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Catalyst Courses

Catalyst is student-centered, ensuring high quality instruction from tenure-track faculty that delivers the tools needed to impact the world. Nothing is required as part of the Catalyst curriculum that does not directly contribute to skill development.

Catalyst Course Chart

Catalyst 110: Writing

This seminar emphasizes foundational skills in written communication essential to success in college. The primary objective of the seminar is to develop the basic writing and research skills students need in order to successfully navigate specific expectations in other courses and applied contexts. Students write several major essays related to the theme of the seminar. At least three of these projects involve significant revision and peer review, during which students will hone interpersonal oral communication skills and practice collaboration.

Catalyst 120: Quantitative Reasoning

This seminar emphasizes foundational skills in reasoning and quantitative literacy. The primary objectives are to develop basic skills in evaluating numerical claims and, when appropriate, using quantitative data to construct logically sound arguments. Students develop skills in critical analysis, specifically deductive thinking and/or scientific method. Students will complete several required writing assignments emphasizing skills that both evaluate and construct quantitative claims. Each student also will prepare, practice and perform at least one oral presentation related to the topic of the seminar.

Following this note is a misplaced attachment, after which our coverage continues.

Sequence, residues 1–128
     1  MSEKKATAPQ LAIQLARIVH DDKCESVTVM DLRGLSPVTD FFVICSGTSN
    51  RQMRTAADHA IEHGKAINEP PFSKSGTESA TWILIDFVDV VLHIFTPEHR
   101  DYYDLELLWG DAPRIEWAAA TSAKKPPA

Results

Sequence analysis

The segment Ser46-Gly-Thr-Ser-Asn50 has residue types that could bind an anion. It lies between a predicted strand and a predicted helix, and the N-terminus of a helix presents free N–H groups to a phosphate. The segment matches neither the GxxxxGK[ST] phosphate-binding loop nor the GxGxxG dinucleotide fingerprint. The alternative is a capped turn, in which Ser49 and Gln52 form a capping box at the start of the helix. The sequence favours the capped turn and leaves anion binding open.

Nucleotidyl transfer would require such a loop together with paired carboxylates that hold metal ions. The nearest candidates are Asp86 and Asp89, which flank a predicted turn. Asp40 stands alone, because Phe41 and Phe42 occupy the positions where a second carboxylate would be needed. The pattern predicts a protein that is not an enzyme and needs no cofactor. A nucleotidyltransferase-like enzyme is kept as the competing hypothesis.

Catalyst 210: Intercultural Competence

This seminar provides all students foundational skills in intercultural competency and further develops skills in writing and critical analysis, with a particular focus on identifying and challenging biases and assumptions. Students will become attentive to the ways in which their own cultural assumptions shape perception and begin to develop awareness of and empathy for the worldviews of other cultures. They will be able to describe how power and oppression shape the meaning of cultural differences and situate their own cultural identity within these relations.

Catalyst 220: Interdisciplinary Integration

Students are prompted to connect examples, facts or theories from more than one discipline in order to diagnose problems and explore issues from different perspectives. Students collaboratively employ at least two distinct disciplinary approaches in order to propose solutions to a defined problem. Students will develop techniques to orally present information to an audience, including appropriate language choices, awareness of audience reception and some comfort with public speaking. Students must rehearse and perform to the class at least one substantial presentation in which they present an argument using media and visual components designed to be effective for a particular audience.

Catalyst 300: Applied Innovation Seminar

Teams of students collaborate in development of strategies to address large, open-ended problems, mentored by faculty members from across the liberal arts. Student teams present their proposals at a public forum near the end of the semester. The seminar requires engaging in independent research, developing a clearly defined approach, analyzing both evidence and proposed solutions, and working effectively with a diverse group. While each team is supervised by a faculty member, the majority of the work for this seminar is expected to be done autonomously in order to demonstrate mastery of applied innovation skills in ways that prepare graduates for independent work after college.

Physical Address: 300 W. Seward St. Ripon, WI
Mailing Address: PO Box 248 Ripon, WI 54971-0248
Email: adminfo@ripon.edu
Phone: 800-947-4766
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